According to IMDB Academy Awards page for 1943 the film received a nomination for best writing original screenplay. In the same year the 49th Parallel received a nomination for best film as well as winning an award for 'Best Writing Original Story' category. This film also received a 'Best Writing: Screenplay' nomination. One of Our Aircraft is Missing gained a 'Special Effects' nomination.
|Academy Awards, USA|
|1943||Nominated||Oscar|| Best Effects, Special Effects
Ronald Neame (photographic)
C.C. Stevens (sound)
| Best Writing, Original Screenplay
Table taken from IMDB entry to One of Our Aircraft is Missing
By 1945 it was hard to tell one German city from another. They had all been turned into rubble by the relentless Allied air raids. Ironically the bombing of these cities didn't have a great deal of effect on the industrial capacity of the country, for under Albert Speer's reorganisation many of the industries were dispersed away from poulation centres. Many of the those considered most valuable were sited underground where tunnels had been dug out by slave labour from the occupied countries. Others were in the countryside. Industrial production increased until 1944. The other irony of the bombing of industrial cities was that the populations of these had never put the Nazis into power. The Nazis never won a popular free vote in any of the major industrial cities on their way to power. The real centres of Nazi support in small town Germany were relatively unscathed.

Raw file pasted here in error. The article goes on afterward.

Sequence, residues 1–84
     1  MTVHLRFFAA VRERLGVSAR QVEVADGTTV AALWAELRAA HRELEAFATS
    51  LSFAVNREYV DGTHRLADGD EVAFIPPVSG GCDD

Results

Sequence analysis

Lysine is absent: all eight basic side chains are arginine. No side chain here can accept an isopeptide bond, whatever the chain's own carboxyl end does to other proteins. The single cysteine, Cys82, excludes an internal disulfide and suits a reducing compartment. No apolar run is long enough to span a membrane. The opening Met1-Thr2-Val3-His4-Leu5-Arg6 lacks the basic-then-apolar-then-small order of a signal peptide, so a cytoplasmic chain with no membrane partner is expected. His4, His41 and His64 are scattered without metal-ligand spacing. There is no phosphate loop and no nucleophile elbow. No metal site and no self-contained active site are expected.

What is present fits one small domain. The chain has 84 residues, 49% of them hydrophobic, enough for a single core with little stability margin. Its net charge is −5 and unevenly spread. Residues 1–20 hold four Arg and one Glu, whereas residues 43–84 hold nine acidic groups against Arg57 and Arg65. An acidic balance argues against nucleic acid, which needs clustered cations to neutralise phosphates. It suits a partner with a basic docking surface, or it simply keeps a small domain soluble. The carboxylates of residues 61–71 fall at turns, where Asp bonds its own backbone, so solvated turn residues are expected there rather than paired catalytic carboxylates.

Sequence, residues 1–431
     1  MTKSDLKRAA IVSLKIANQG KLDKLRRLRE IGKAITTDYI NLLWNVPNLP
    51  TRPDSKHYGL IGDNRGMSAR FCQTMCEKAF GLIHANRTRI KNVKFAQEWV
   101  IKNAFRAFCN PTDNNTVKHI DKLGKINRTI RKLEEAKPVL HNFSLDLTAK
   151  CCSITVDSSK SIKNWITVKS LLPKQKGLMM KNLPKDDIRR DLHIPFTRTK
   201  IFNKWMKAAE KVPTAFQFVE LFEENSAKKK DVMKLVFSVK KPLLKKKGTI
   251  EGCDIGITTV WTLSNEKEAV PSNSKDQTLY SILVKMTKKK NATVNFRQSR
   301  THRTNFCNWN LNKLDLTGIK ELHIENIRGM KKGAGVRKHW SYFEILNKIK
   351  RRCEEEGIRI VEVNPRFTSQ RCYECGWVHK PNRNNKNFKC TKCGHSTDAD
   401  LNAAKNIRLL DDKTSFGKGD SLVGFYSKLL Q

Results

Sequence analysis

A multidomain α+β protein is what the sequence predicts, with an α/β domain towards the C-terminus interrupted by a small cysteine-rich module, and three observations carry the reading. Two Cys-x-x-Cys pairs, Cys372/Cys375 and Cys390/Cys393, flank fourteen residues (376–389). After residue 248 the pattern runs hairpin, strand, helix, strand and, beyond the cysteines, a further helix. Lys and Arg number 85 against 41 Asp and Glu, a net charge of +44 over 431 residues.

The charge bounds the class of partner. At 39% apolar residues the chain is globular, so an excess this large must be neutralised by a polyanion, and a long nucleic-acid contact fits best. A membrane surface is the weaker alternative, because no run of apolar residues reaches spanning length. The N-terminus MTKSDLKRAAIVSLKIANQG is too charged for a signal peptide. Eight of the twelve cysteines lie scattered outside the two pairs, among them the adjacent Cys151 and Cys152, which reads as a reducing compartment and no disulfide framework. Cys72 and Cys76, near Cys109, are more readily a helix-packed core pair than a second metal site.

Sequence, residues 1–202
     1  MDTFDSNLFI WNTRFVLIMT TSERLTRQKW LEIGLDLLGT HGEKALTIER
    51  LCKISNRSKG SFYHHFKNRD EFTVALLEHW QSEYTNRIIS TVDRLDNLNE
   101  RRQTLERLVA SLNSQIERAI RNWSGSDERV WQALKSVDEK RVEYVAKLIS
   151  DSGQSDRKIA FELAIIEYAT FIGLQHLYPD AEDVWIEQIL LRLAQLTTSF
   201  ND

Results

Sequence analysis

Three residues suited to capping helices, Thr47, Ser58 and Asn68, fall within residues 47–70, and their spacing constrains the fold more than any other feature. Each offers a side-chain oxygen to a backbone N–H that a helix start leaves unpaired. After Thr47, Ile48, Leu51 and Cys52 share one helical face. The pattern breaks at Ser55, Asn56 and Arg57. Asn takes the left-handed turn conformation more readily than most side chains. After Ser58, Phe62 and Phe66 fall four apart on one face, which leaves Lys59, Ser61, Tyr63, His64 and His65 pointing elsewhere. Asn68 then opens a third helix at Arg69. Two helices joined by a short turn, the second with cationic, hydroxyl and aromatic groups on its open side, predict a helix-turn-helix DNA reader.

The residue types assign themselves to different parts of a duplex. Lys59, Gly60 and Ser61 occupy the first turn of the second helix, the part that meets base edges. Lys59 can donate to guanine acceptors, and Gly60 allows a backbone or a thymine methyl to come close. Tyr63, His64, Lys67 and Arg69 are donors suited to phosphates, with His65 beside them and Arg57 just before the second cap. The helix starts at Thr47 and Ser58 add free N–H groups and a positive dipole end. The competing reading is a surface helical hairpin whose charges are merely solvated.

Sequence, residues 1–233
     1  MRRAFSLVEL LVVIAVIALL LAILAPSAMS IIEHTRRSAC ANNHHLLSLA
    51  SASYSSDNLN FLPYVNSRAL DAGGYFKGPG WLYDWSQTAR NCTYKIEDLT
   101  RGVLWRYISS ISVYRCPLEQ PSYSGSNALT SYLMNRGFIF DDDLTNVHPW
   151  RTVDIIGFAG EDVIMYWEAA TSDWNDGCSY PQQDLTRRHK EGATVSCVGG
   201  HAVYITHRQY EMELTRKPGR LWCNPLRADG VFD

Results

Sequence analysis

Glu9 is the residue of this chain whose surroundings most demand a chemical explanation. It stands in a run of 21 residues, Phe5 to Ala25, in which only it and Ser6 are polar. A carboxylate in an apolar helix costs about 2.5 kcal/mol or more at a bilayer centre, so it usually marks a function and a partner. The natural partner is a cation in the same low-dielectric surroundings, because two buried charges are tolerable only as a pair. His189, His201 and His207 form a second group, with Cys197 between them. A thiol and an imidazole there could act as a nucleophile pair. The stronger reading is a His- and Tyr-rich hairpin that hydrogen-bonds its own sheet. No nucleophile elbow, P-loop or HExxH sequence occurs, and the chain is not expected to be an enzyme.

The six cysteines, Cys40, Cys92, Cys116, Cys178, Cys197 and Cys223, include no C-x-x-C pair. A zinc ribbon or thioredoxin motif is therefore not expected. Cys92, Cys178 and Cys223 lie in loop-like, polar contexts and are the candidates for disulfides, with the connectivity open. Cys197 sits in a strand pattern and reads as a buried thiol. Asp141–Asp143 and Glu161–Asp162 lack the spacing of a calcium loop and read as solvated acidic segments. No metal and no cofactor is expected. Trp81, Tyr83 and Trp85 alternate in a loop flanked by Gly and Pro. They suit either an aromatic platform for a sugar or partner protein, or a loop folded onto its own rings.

What Really Was the Situation in Holland During the War?
Film maker Paul Verhoeven has a very different perspective on the realities of the war. Interviewed for the Daily Telegraph about his recent film about collaboration in the Second World War Black Book he comments:
There were some good Resistance people," argues Verhoeven, "but there were a lot of people who didn't do anything. In 1942, the Dutch had nearly accepted being part of Germany; that was the general tone at that time. Then, after Stalingrad, it started to dawn on people that it might go the other way. And then those who'd been working with the Germans and had filthy hands started to move as fast as possible to the Resistance." (My emphasis: Verhoeven in Daily Telegraph)
Verhoeven is known for being outspoken and the Dutch Resistance Museum provides a good basis of knowledge. The section on the Second World War gives a good overview of the pressures exerted by the Nazis including the mass evacuation of the coastal regions to build a defensive wall.
Aldgate, Anthony and Richards, Jeffrey. 2007(New Edition). Britain Can Take It. London: I. B. Tauris
Moor, Andrew. 2005. Powell and Pressburger: A Cinema of Magic Spaces. London: I. B. Tauris
Murphy, Robert. 1992. Realism and Tinsel. London: Routledge
March 30, 2008
David Lean (Croydon 1908 - 1991)
David Lean filming the funfair sequence of This Happy Breed
David Lean was the son of Quaker parents and as such the cinema was forbidden territory on religious grounds. Lean disobeyed his parents and saw the Hound of the Baskervilles (1921) and was instantly won over to cinema. Lean entered the film business in 1927.
Throughout his career David Lean was closely involved with editing